This cattle market information is selected from the weekly report from Canfax, a division of the Canadian Cattlemen’s Association. More market information, analysis and statistics are available by becoming a Canfax subscriber by calling 403-275-5110 or at www.canfax.ca.
Fed prices up slightly
Alberta direct cattle sales were seasonally light last week, and average prices firmed $1 per hundredweight higher than the previous week. A handful of live trade was reported at $3 per cwt. higher than last week, and dressed sales of $276 delivered were fully steady.
The cold and shifting weather moderated feeding performance, and market-ready supplies tightened. Some of last week’s fed offering was carried over, and soft cattle could easily remain on feed three to four more weeks.
However, reduced chain speed has given packers some breathing room. Eastern Canadian steer carcass weights for the week ending Feb. 10 were 13 pounds heavier than the previous week, averaging 976 lb. In contrast, western Canadian steer carcass weights trended sideways and are 100 lb. lighter than the east, averaging 877 lb.
Western Canadian fed slaughter for the week ending Feb. 10 eased six percent lower than the previous week to 29,000 head. Year to date western fed slaughter is nine percent larger, totalling 173,667 head. Canadian fed cattle exports to the United States for the week ending Feb. 3 totalled 4,373 and year to date is seven percent smaller at 22,154 head.
In its outlook, Canfax said a positive cash-to-cash basis over the past few weeks has discouraged U.S. buying interest in local Canadian cattle, but fed supplies are manageable on both sides of the border.
The Alberta cash-to-cash basis has steadily weakened from +14 at the start of January to now close to par.
Historically, beef demand strengthens from February to March and is price supportive. Leverage has shifted to favour the cattle feeder, and prices are expected to strengthen.
In the U.S., live prices in the south rallied US$3 -$4 higher than the previous week to $129-130. Dressed sales in the north were reported around $5 higher than the previous week at $205 delivered. Calf prices trended steady to higher last week, and feeders traded mostly steady.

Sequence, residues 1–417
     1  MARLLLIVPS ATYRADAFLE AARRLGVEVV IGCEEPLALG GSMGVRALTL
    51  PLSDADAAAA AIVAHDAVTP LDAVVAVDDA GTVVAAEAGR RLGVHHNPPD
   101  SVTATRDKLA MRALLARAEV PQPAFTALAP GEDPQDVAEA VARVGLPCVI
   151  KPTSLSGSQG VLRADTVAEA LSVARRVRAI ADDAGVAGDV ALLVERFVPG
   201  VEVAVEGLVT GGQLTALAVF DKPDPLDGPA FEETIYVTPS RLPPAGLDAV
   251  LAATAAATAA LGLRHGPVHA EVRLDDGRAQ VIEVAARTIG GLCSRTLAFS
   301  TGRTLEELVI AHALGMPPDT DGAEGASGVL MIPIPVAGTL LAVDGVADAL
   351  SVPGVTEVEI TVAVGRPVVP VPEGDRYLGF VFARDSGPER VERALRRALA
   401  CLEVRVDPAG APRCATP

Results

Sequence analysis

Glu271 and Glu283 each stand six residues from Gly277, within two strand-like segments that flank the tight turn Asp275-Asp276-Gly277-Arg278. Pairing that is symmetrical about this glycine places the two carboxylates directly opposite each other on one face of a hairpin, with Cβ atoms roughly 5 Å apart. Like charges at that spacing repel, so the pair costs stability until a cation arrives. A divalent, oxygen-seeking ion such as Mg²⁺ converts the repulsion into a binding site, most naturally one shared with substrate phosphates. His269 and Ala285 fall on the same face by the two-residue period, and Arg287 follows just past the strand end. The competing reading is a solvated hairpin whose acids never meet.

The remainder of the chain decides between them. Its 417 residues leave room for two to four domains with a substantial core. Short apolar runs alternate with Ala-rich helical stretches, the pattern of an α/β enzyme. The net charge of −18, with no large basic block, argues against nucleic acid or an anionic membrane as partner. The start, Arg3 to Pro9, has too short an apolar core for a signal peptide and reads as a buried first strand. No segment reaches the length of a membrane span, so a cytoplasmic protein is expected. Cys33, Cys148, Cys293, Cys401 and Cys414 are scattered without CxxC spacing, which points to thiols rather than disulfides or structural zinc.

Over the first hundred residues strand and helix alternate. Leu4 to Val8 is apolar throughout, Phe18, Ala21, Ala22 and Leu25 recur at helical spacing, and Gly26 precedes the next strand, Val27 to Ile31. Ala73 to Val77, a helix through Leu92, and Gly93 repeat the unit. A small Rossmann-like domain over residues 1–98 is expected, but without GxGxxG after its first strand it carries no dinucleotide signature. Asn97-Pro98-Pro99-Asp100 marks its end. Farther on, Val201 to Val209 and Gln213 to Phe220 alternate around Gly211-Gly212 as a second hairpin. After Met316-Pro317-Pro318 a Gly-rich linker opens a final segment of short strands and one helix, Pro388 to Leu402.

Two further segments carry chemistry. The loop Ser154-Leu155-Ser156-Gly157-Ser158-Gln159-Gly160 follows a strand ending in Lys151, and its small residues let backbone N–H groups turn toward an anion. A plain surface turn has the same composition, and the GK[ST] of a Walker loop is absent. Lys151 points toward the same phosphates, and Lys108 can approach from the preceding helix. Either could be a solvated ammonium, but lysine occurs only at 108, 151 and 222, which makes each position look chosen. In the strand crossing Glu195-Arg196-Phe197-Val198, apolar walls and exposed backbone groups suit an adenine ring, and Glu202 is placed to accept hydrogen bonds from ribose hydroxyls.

Cows on the rise
Prices for D1 and D2 cows were up an average of $1.31 last week to average $88.39. Slaughter bulls were lower by $1.61 to average $99.89.
Butcher cow prices traded higher through commercial auction facilities, and rail bids appeared to be a couple dollars stronger as well.
Non-fed slaughter volumes have likely peaked for the first half of the year. With volumes seasonally tightening, butcher cow prices may have reached bottom and should trend higher into the spring. The Canadian-U.S. cow price spread has narrowed from the start of the year, going from a $22 premium to more recently an $11 premium.
Canadian trim prices are trading two percent higher than last year.
From lows in late January, 550 pound steer calves have rallied 5.5 percent and are trading at the highest point since November. In seven out of the past nine years, first quarter highs have surpassed the previous year’s fourth quarter high. The price of 550 lb. steers is only $3 shy of overtaking the 2017 fourth quarter high of $233.22 posted in October.
Fourth quarter highs are expected to be overtaken in the next couple of weeks because demand for grass should remain strong. Last week the soft spot on the market seemed to be heavyweight heifers. On average, for the first two weeks of February, 900 lb. and heavier heifers traded slightly more than $14 less than steers, right in line with the three-year average for the month of February.
It is not uncommon to see the steer-heifer price spread narrow from February to March. The price spread from February to March narrows by more than $2 per cwt. from 2015-17.
On Feb. 15, the U.S. feeder index closed at $147.70 based at 793 lb. Using an 80-cent Canadian dollar, this would equate to C$184.62.
Western Canadian feeder prices are sitting at roughly a $3 premium to the U.S. market because the western Canadian feeder index was reported at $187.70 at 789 lb.
Barley prices show no sign of weakening, thanks to a colder than normal winter, more cattle on feed compared to last year and export demand for barley from Saudi Arabia and Kazakhstan. Some feedlots say they are having a tough time sourcing enough barley and are feeding more corn and wheat.
For spring delivery, feed barley prices are being reported as high as $5 per bushel delivered into southern Alberta. Feeder prices are expected to be steady to lower while calves and lightweight stockers are expected to be steady to higher.
Choice and Select cut-out values in the U.S. trended higher with Choice at $209.04, up from $208.53 the previous week, and Select at $205.14, up from $203.79. Moving into the second half of February, cutouts typically strengthen. Last year, the monthly increase from February to March was 13 percent for Choice and 11 percent for Select.
Canadian cut-out values for the week ending Feb.3 traded higher with AAA up $3.29 per cwt. to $256.89 and AA up $1 per cwt. to $250.92. The Canadian cutouts were close to par with the U.S.